Germany′s Super Fast Train Set for Take-off | Germany| News and in-depth reporting from Berlin and beyond | DW | 19.07.2002
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Germany's Super Fast Train Set for Take-off

Germany's newly completed rail link between Cologne and Frankfurt could provide the impetus for a Europe-wide high-speed rail network.


On track: The ICE-3 makes a test-run on the new Cologne-Frankfurt link.

With a price tag of around 6 billion euro, the German rail system’s new baby has not come cheap. But the Deutsche Bahn says it’s made history, taking only six years to build the new high-speed link between Cologne and Frankfurt.

After a year’s delay due to leaking tunnels and the construction of noise barriers, commuters are looking forward to using the link from 1 August when they'll be able to travel at heartstopping speeds of 300 kms/hr and cut the journey between the two cities from over two hours to only seventy-six minutes.

The time saved doesn't come without a sacrifice. There'll be no more romantic views of the Rhine - one fifth of the journey will be spent speeding through tunnels, and the rest mostly through hilly sections of forest. But passengers will be saving about one hour and as the saying goes, ‘time is money’.

Paying for speed

A single economy ticket on the new rail link will cost 51 euro. Passengers currently pay 39 euro for the trip. Deutsche Bahn admits that students and holiday-makers won’t welcome the price increase. But it says it’s confident the new trains will be full.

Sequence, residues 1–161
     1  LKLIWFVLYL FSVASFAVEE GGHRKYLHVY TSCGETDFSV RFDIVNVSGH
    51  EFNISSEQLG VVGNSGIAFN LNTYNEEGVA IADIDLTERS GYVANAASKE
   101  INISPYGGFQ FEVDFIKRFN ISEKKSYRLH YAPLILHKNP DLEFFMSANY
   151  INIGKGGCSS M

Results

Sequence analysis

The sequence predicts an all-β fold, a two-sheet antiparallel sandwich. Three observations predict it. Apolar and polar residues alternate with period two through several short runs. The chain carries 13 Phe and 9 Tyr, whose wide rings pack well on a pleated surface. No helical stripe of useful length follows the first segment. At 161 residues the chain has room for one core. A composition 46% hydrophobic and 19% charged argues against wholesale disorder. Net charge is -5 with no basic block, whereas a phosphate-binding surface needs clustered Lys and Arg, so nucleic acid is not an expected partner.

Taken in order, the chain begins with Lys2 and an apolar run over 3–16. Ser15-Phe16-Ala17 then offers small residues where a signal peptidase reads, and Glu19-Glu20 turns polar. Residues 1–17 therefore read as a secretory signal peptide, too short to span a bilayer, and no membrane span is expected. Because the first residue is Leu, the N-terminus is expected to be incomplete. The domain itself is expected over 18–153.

Deutsche Bahn’s Marketing Director Hartmut Herdan says the aim of the service is to attract people, mainly business travellers, away from using their cars. As much of the track runs alongside the Autobahn between Frankfurt and Cologne, the high-speed train will be very visible competition.

Gauging success

German business and industry have cautiously welcomed the new rail link, but they say it’s too early to predict how the economy in the region will be affected. Some residents are angry that trains won’t be stopping in Bonn, the nation’s former capital. Some towns along the old route fear they could tourism revenues as the new route bypasses them.

Deutsche Bahn has run a concerted campaign to counter opposition to the project. The Chancellor Gerhard Schröder will do his bit to promote the link next Thursday when he will be among its first official passengers. Potential sceptics, chiefly young people, are being attracted with offers of prizes including tickets to a rock concert and opportunities to experience the journey from the train’s ‘cockpit’.

Harmonisation on track

The new Cologne-Frankfurt link could be the centrepiece of a future Europe-wide high-speed rail network.

A new European high-speed train is being developed which combines the French TGV with Germany’s ICE.

Deutsche Bahn has released three entirely different series of ICE in the past decade. The first-generation of sleek, white trains began operating in 1991 and quickly became the flagship of Germany’s long-distance rail system. Now more than 200 of the high-tech trains operate across the country.

A feast of figures

  • Eighteen new bridges and thirty tunnels had to be built for the new rail link. The longest tunnel is 4.5 kms. The tallest bridge is 992 metres.
    • The new track is 45 kms shorter than the present route which follows the Rhine.
      • 300,000 tonnes of steel were used to build the track.
        • The project cost 6 billion euro.
          • The service comes into effect on 1. August, 2002, and will be operating fully by 15. December, 2002.
            • The train will make three stops between Cologne and Frankfurt airport, at Siegburg, Montabaur, and Limburg.
  • WWW links